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The Muslim Brotherhood in France
In the National Interest ^ | September 21, 2005 | by Glen Feder

Posted on 10/13/2005 11:54:06 AM PDT by aculeus

In the wake of the recent London attacks, we are once again reminded of a seemingly irresolvable clash, across the Atlantic and in the United States, between secularism and religious fanaticism. Furthermore, nowhere has this debate raged more fiercely than in France, where religious insignia such as the hijab were banned in a law passed by the French Senate in March, 2004. In fact, over the past three decades, there been a struggle over the hearts of a new, rapidly growing, generation of Muslim youth in France. On one side is the largest Islamist organization today- the Muslim Brotherhood- which has spawned notorious terrorist organizations such as Hamas and Al Qaeda. The Brotherhood has seen the growth of the Muslim population in France as an opportunity to promote an extreme Salafist interpretation of Islam. The results of the most recent elections among the primary Muslim organizations in France, which took place June 19, 2005, shows that for the second year in a row, the Muslim Brotherhood maintains a strong foothold in France. On the other side there is the French government, who has tried, through democratic elections, to promote a moderate Islam more harmonious with liberal French principles. Thus far, the clear victor has been the Muslim Brotherhood. The Brotherhood has taken hold of the most powerful Muslim organization in France today, and is quickly penetrating into the political and social fabric of secular France.

The Growth of the Muslim Community

In the fall of 2004, dozens of top Muslim Brotherhood leaders met in an undisclosed location somewhere near the Persian Gulf.[1] The session, while shadowy, may signal a renewed effort to expand in Europe and even shift the leadership of the Muslim Brotherhood from the Middle East to Europe.[2] Increasingly, the Muslim Brotherhood is making France their battlefield in their effort to rollback secularism and assimilation.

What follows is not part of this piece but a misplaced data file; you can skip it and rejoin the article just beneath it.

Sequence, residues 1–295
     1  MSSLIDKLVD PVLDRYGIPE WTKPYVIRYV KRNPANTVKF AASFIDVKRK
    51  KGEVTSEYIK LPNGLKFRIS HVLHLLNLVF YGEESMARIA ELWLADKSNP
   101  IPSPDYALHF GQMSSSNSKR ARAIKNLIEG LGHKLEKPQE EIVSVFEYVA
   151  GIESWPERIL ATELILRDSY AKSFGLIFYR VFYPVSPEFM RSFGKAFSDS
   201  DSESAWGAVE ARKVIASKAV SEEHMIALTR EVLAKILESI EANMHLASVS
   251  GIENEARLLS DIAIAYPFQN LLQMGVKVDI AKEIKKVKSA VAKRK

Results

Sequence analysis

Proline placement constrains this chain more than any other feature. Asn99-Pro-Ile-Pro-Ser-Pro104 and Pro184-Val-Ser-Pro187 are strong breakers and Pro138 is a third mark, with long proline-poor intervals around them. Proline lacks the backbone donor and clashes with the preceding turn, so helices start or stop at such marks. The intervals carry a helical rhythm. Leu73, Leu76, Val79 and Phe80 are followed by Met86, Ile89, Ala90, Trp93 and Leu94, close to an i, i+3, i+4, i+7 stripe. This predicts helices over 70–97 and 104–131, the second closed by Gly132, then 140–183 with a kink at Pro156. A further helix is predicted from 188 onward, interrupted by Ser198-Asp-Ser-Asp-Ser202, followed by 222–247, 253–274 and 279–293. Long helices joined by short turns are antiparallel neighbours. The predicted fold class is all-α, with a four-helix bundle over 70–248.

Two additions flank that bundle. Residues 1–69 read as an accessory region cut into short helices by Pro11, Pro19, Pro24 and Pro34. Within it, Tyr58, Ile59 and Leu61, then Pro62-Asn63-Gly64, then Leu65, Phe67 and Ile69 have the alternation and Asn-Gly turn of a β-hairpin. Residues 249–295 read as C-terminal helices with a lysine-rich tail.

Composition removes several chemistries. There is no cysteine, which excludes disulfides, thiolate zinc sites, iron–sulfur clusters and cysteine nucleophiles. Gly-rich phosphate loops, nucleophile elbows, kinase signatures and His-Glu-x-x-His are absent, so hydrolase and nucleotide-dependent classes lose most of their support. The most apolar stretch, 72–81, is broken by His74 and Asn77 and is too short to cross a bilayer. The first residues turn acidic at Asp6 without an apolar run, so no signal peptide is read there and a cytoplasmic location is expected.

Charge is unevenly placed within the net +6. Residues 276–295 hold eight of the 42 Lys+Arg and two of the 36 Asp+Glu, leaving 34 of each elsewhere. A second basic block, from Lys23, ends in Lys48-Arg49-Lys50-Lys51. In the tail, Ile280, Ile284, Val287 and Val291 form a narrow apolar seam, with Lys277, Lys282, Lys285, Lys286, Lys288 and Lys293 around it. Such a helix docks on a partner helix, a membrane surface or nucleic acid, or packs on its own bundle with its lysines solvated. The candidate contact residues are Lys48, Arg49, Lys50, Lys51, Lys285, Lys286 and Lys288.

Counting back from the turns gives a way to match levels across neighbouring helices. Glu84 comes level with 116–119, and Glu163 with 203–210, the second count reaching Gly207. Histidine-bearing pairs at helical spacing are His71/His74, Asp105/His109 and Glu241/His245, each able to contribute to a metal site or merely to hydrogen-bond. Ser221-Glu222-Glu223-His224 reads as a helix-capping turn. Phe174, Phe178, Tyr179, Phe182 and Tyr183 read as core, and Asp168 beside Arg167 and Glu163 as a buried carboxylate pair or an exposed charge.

The Muslim Brotherhood’s choice of France is largely a byproduct of history. As Arab governments moved to crush the Muslim Brotherhood, its leaders sought to find new territory in which they could operate more freely. France became a popular refuge. After all, the French had colonized Algeria (1830-1962), Morocco (1912-56), Tunisia (1881-1956), Syria (1920-46), and Lebanon (1918-46). Post-World War II labor shortages encouraged the French government to welcome French-speaking migrants from the Arab world. While no firm figures are available because the French law of 1905 separating church and state prohibits government censuses by religion, experts estimate that France’s Muslim population had grown from 100,000 in 1945 to between six and seven million today, about ten percent of the total population.[3]

Until the 1970s, the French government was largely indifferent to the spread of Sunni radicalism, believing its growth to be a temporary phenomenon and an effective counterweight to the communist and revolutionary ideologies of the time.[4] Successive French policy advisors expected that most of the Muslim immigrants who provided fodder for such movements would return to their country of origin once employment levels dropped as reconstruction efforts came to an end.[5] They were wrong. Immigrants realized that they were better off unemployed in Europe than unemployed at home.

After the student protests and cultural upheaval of 1968, many leftists extended their sympathy for what Gilles Kepel, perhaps France’s foremost expert on Islam, calls “Islamic neo-mysticism.”[6] The renewed French affinity for Arab culture began with Napoleon’s 1798 invasion of Egypt. A century of administering Algeria, acting as protector of Maronite Christians, and decades as the Mandatory power in Lebanon and Syria, engendered further sympathy toward Arab society.[7] Aided by Saudi funding, and taking advantage of French democracy and naïve elites, the Muslim Brotherhood spread rapidly in France.